Columns & Blogs

Bellingham Festival of Music kicks off 2015 season with ‘Welcome Home’ concert

Bob Lynch is chairman of the Bellingham Festival of Music, (although he states there is no hierarchy on the festival’s board — “We all jump in and do everything,” he says), and he recently announced the schedule for this summer’s season.

The festival is one of America’s premier virtuoso orchestra festivals. Each summer, the festival returns to Bellingham to perform a repertoire of the finest symphonic music. Members of the orchestra all hold prestigious positions elsewhere, and many are principal players in major North American symphony orchestras. The festival also features world-famous guest artists and young rising stars.

This year’s season runs July 3 through July 19 with five orchestral concerts, four chamber music concerts and two master classes.

Guest artists include violinist Vadim Gluzman on July 3, soprano Katie Van Kooten on July 7, bassist Alexander Hanna on July 11, and pianist Arnaldo Cohen on July 15. The final concert July 19 will feature the Festival Chorus.

In anticipation of the season, two special concerts will be presented.

Bellingham-born saxophonist Jeff Siegfried is the featured performer at the annual “Welcome Home” concert at 7 p.m. Saturday, Jan. 3, at Christ the Servant Lutheran Church; and festival favorite Joshua Roman will come to Bellingham for a cello recital at 7:30 p.m. April 24 at Western Washington University’s Performing Arts Center.

“The season is built largely around repertoire that expresses the composers’ love of country and the influence of the indigenous music of their native land upon their music,” says festival artistic director and conductor Michael Palmer.

The festival season features music by composers who are identified in part with their national heritage. However, the works chosen by Palmer also represent personal and national struggles of greater immediacy.

Works to be performed include Johannes Brahms’s First Piano Concerto, Piotr Ilyich Tchaikovsky’s Violin Concerto, Antonín Dvořák’s Seventh Symphony, Jean Sibelius’ First Symphony, and Richard Strauss’s last work, “The Four Last Songs.”

Palmer has programmed one other large work that, while not being part of same pattern, does represent a nation (or empire), a period of time and the culminating work of a master: Haydn’s oratorio, “The Creation,” with the Festival Chorus.

The less-formal chamber music concerts are a popular part of the festival program. On the chamber music agenda is the annual Chamber Music by the Bay concert July 5 at Bellingham Cruise Terminal; and returning to the festival will be the Calidore String Quartet, featuring Bellingham violist Jeremy Berry, who will perform July 12.

Rounding out the season are several free events, including chamber music concerts July 9 and 17 in Whatcom Museum’s Rotunda Room.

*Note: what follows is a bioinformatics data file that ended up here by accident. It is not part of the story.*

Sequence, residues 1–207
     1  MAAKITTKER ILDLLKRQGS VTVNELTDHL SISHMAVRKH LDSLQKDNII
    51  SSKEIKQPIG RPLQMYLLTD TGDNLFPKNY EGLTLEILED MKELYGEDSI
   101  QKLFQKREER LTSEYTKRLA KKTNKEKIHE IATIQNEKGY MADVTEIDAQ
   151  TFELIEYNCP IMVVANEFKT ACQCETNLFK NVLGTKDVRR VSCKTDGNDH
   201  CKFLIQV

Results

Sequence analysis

Two master classes led by guest artists also will take place. Alexander Hanna, double bass, will lead one July 10 at Mount Baker Theatre, and pianist Arnaldo Cohen will lead one July 14 at First Congregational Church.

The festival also will offer educational activities, such as master classes, open rehearsals and free pre-concert lectures.

Season tickets go on sale Jan. 21, and individual concert tickets go on sale Feb. 4 at WWU’s box office, 360-650-6146,

Details:, 360-201-6621, and Bellingham Festival of Music on Facebook.

Whatcom Jazz Music Arts Center seeks more members

In November, Bellingham jazz drummer Julian MacDonough began hosting events for his newly formed nonprofit, Whatcom Jazz Arts Music Center, at the downstairs club space at the Majestic, 1027 N. Forest St. The center offers a weekly high school jazz combo program on Mondays, weekly jazz programming on Wednesdays, and more formal jazz concerts on weekends.

MacDonough is taking a few weeks off to take care of some fundraising, he says, working on grants, corporate fundraising, and more.

One of the things he’d like to do is to boost the organization’s membership from the 40-ish members to 80 by the end of January. Doing that will help the center budget its monthly content and present the kind of quality concerts that MacDonough would like to keep presenting. To that end, he’s keeping the monthly membership price of $25, available until the end of January.

He’s also hosting a benefit concert for the student combo program at 7 p.m. Wednesday, Jan. 7, in the center’s space at the Majestic, featuring the student combos and a faculty band – Blake Angelos on piano, Jimmy Austin on trombone, Zach Zenovic on guitar, Nate Parker on bass, and MacDonough on drums.

Center members are admitted free, but donations are appreciated. General and student tickets are $5 at the door.

Here’s another upcoming event that’s promising:

New York City’s Aaron Johnson Quintet performs at 7 p.m. Jan. 14, at the center’s space in the Majestic. MacDonough’s take on the ensemble: “We are so excited to have this young group of musicians playing be-bop music as if they were from the era! If you are a fan of Charlie Parker, do not miss Aaron Johnson!”

Tickets for the concert are $10 general, $5 students, and free for center members.

To make a tax-deductible donation to center, go to to and get more information on upcoming events at